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Updating the Outdated Consumer Journey

kmooney Kelly Mooney , CEO Jul. 20, 2012

For more than 100 years, marketers have accepted and applied a consumer journey model often referred to as AIDA—awareness, interest, desire and action. Of course there are many iterations of this model, and more recently some notable improvements from McKinsey and Forrester.

Since my design training in the mid-‘80s, I’ve been preoccupied with understanding consumers, how they make decisions and how technology is fundamentally changing our behaviors as people, and therefore, must impact our models as marketers. In 2008, our agency introduced some fresh thinking on this topic in the book I co-authored with Dr. Nita Rollins, The Open Brand. Our insight at the time was that the model was shifting from “funnel to fish”—meaning that our choices as consumers were expanding, not narrowing, as our journey took hold.

We were moving across channels, empowered by the social web of conversation, ratings, reviews and links to options never before considered. Our short list grew and our purchase journey often lengthened. Purchase wasn’t really the end of the journey, merely a mid-point. Consumers were increasingly willing to upload pics of their purchases, post reviews, manage their account, sign up for loyalty programs and join fan clubs of varying sorts.

These insights remain valid today, but as we continue to advance our study of consumers across dozens of brands, surveying them on a wide range of topics, our agency has updated thinking on the consumer journey. It will be shared in much greater detail and in other media forms in the coming weeks, but here are five of the highlights:

1.    Awareness is an outcome, not a consumer behavior. It’s also increasingly consumer-controlled, not mass media–generated. We’ve found that people either search or discover as the first step in the journey. Discovery is the most complex for marketers to plan for because it’s about showing up in the right place at the right time, via paid media, owned content, earned conversations, location-based alerts, etc.

2.    As consumers assess options online and offline, they routinely immerse themselves in video, pics, product specs and comparisons, and/or reach out to confer with friends and family and seek opinions of users or experts. Companies that have relied on in-store communication, product packaging or simply their own site to solve for these needs are missing out on key opportunities to make a consumer’s short list. Speaking of short lists, the qualitative study of 20,000 consumers McKinsey did to develop their journey model revealed the paradox of choice at play; consumers admitted to starting with fewer products in their consideration set because they were simply overwhelmed with options, then expanding it later under the influence of friends and experts.

3.    Buy – As a step in the journey, it seems simple, doesn’t it? But with the increasing number of ways to pay—Paypal, Square, Apple EasyPay, just to name a few—marketers cannot give short shrift to this step. Acquiring the merchandise also has a whole host of options marketers can make available to consumers: same-day delivery (Amazon!), shipped to home, picked up in store, shipped from a store to home, shipped to a nearby delivery hub, and the list goes on.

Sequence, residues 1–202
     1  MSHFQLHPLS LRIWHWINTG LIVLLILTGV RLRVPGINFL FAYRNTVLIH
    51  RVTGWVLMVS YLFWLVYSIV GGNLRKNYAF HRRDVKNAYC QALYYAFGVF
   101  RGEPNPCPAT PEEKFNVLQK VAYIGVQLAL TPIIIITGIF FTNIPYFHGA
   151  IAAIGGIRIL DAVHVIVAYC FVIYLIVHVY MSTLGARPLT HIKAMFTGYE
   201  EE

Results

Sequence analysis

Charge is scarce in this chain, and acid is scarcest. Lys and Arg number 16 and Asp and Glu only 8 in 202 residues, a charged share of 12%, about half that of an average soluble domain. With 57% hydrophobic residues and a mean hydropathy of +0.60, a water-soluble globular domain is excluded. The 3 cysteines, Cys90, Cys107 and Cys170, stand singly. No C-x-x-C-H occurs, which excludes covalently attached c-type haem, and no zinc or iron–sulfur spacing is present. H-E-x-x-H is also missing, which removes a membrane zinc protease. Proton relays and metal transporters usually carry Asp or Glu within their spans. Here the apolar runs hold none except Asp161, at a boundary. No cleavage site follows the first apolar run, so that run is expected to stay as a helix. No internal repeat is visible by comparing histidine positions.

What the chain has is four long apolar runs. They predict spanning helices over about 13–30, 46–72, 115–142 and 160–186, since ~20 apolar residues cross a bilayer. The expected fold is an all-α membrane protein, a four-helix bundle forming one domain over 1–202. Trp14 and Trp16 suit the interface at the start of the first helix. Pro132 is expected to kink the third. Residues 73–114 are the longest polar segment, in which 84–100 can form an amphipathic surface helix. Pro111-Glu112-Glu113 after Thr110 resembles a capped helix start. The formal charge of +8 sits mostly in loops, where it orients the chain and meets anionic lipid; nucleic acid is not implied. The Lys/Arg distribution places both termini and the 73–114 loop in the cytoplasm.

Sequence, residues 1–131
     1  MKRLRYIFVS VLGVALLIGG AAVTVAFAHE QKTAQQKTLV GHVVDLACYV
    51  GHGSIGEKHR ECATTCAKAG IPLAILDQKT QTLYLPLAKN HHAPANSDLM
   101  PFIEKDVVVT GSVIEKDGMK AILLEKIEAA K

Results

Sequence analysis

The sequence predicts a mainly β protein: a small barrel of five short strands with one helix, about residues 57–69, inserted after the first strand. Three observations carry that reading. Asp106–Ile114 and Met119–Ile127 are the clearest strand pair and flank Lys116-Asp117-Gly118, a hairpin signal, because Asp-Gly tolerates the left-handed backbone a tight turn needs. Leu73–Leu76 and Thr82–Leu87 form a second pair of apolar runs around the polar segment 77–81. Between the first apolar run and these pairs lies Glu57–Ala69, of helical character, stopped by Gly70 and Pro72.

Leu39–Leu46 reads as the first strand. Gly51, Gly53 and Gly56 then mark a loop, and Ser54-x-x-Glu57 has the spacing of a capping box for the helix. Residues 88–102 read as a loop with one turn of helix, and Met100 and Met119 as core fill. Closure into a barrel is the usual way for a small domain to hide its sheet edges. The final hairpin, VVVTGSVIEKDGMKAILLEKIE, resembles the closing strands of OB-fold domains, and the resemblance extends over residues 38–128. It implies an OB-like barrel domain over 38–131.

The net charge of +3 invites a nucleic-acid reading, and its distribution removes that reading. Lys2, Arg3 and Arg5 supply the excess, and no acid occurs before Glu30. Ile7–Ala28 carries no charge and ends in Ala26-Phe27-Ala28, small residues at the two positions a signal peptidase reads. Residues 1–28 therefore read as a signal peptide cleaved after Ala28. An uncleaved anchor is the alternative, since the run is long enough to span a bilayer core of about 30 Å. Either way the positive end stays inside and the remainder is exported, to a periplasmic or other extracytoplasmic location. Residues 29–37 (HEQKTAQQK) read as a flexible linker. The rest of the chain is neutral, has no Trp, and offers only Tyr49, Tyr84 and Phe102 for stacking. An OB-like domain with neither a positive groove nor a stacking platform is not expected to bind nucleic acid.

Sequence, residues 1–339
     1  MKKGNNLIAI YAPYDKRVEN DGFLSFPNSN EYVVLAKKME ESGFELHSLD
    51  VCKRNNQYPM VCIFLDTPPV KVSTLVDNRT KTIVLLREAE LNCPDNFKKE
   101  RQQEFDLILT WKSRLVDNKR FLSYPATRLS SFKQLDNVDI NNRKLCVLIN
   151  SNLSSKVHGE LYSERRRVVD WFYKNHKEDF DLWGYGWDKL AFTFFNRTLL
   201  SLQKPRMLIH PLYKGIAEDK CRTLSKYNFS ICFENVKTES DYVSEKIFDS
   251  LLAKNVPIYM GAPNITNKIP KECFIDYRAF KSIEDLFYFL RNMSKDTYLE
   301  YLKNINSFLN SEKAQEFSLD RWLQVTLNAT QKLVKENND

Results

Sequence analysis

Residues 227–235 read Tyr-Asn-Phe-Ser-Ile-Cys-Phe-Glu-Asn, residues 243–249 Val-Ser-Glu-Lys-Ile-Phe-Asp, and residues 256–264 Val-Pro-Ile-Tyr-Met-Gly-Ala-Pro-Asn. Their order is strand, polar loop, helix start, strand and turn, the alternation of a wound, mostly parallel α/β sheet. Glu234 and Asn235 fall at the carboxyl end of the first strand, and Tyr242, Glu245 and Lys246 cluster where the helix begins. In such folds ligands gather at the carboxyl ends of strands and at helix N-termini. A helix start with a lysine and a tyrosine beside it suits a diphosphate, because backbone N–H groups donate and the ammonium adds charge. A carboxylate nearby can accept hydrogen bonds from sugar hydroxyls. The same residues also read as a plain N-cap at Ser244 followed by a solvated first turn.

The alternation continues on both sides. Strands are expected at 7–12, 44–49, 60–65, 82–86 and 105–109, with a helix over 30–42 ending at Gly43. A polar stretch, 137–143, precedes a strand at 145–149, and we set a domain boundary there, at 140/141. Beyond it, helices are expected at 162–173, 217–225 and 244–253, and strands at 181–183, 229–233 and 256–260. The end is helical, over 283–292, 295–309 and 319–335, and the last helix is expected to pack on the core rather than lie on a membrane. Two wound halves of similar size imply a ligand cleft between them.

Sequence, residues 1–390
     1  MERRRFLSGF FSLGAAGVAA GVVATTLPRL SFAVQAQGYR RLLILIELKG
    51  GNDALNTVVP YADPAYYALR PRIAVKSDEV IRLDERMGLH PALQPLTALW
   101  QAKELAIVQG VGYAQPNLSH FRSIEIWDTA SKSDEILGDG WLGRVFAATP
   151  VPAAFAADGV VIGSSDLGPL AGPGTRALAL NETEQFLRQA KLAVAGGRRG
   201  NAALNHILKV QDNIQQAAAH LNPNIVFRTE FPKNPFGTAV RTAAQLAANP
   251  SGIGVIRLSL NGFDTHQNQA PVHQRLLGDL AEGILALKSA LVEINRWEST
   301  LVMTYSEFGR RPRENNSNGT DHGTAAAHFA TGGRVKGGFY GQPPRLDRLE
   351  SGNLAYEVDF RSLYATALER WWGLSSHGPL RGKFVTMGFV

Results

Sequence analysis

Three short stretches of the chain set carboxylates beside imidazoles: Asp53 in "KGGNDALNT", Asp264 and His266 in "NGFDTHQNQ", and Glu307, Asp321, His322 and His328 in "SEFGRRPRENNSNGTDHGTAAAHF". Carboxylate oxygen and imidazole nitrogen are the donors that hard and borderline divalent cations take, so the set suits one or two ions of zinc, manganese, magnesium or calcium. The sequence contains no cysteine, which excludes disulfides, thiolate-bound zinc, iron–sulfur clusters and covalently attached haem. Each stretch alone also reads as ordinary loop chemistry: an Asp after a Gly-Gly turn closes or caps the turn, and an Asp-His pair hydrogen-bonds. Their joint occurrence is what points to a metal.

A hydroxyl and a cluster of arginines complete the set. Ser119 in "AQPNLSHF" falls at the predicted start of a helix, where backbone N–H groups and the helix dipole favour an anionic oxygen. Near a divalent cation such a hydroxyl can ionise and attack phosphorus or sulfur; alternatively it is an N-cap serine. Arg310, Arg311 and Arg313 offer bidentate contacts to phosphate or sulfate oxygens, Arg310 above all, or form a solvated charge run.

4.    One of the most critical and overlooked opportunities is what happens next. Is your product/service being used and enjoyed? Are you set up to know this? Brands should be vigilant in inviting consumers to connect post-purchase beyond sharing feedback. They should enable easy re-purchase, provide access to special content or events, or add value in wholly new ways that bridge the physical and digital realms, as Nike has done with its Fuel Band and Nest with its ingenious “learning thermostat.”

5.    Clearly, loyalty is the optimal outcome for every brand. But again, as McKinsey’s research revealed, there are active and passive forms of loyalty, and the latter spells competitive vulnerability. From our open brand perspective, tapping into the consumer’s appetite for meaningful participation and influence is not only a stopgap against the competition because it encourages active loyalty; consumer co-creation of your brand’s experiences, messages and products facilitates innovation and dynamism, two make-or-break traits that brands must cultivate in today’s fast-moving marketplace, according to The Brand Bubble (stay tuned for a blog post from Dr. Rollins on this book). An invitation to advocate is merely one way to encourage participation. Creating ongoing platforms that enable consumers to be innovators is another, admittedly more complex, initiative, but worth it long-term. Consider what consumer innovators have done for Legos and PINK product development, for Burberry content creation, for Intuit’s service delivery, and for Tesco’s corporate social responsibility. These brands are category leaders because they’re open, culturally and organizationally, to consumers’ ideas.

Now that digital technology is enabling a radically altered consumer journey, marketers must toss aside the old models: old models for understanding the journey but also old models for planning media, allocating budgets, big idea generation and agency engagement. It’s a new era of consumer experience creation and the winners will be the marketers that master the new journey.

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